10. Democratic Commons
 11. Democratic Bank
 12. Advancement of Democracy
 13. Democratic Conventions
 14. Five New Obligatory Subjects in School
 15. Social Leadership Skills


1. The same collectively shared values that contribute to fulfilling interpersonal relationships are the basis for the Common Welfare Economy: confidence building, cooperation, appreciation, democracy, solidarity. (Scientific research proves that fulfilling interpersonal relationships constitute a key factor to happiness and motivation.)

2. A shift from competition and profit-orientation to cooperation and the pursuit of the common good will take place, established through a new regulatory incentive framework. Entrepreneurial success will be redefined from financial profit to the positive effect on common welfare.

3. A broad participatory bottom-up process predefines the parameters of common welfare; these are later handed over to a democratically elected economic constitutional convention and then anchored in the constitution via referendum.

4. A new main balance sheet serves to measure common welfare: the Common Welfare Balance . The more a company adheres to the social, ecological, democratic and solidarity principles, the better is its balance sheet result and the higher its Common Welfare Score: the maximum attainable are 1000 Common Welfare Points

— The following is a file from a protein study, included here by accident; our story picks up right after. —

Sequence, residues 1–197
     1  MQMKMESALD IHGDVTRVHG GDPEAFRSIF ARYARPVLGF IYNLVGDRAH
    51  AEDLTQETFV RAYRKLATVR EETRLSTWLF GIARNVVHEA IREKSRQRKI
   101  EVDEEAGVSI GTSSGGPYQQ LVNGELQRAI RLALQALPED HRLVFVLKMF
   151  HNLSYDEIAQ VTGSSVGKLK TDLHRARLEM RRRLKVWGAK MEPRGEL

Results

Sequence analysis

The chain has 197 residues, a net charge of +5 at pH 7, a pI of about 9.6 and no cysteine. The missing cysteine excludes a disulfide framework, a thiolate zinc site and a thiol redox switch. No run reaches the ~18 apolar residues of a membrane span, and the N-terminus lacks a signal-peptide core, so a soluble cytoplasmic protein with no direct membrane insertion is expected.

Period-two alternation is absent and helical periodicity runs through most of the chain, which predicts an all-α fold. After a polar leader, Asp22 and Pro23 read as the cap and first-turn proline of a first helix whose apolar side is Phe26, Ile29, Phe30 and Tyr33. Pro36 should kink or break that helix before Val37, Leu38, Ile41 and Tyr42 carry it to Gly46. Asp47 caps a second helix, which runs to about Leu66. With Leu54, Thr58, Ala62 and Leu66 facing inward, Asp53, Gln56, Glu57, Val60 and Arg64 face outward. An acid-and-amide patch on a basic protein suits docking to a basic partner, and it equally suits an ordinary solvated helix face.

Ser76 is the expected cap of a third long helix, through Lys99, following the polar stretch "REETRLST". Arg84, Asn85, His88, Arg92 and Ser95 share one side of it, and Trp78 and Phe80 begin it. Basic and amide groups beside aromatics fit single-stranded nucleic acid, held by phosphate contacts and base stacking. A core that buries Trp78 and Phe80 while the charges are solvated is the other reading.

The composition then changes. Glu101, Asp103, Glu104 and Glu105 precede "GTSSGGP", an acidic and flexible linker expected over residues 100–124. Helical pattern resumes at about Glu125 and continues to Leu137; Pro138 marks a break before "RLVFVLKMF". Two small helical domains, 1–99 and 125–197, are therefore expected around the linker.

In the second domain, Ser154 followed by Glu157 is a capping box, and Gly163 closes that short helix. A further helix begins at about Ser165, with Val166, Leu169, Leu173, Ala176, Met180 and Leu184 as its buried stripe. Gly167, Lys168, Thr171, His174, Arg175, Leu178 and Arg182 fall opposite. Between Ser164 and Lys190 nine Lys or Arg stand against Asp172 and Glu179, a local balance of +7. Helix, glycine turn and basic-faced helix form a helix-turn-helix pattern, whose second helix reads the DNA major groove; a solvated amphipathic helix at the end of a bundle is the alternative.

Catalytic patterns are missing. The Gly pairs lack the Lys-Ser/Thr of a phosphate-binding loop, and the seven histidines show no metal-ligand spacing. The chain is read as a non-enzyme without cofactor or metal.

5. The better the common welfare result, the more legal advantages are granted to a certain company: lower taxes, less customs duties, loans on more favourable terms, priority in public procurement and research programs, etc. These benefits allow the socially responsible, democratic and cooperative businesses to more easily cover their (increased) expenses.

6. Die The financial balance thus becomes a secondary balance alongside the primary Common Welfare Balance. Capital is no longer an end, but a means . It merely serves to achieving the goal of the company or, to be more precise, the goal of all entrepreneurship: to further and increase the common good. A financial surplus may be used for: investments (with social and/or ecological value), loan repayment, accrued liabilities (to a limited extent), profit distribution to employees (up to 20 times the minimum wage) and for interest-free loans to other companies. It may not be used for profit distribution to non-employees, hostile acquisition of another company, investments in financial markets (those will not exist anymore).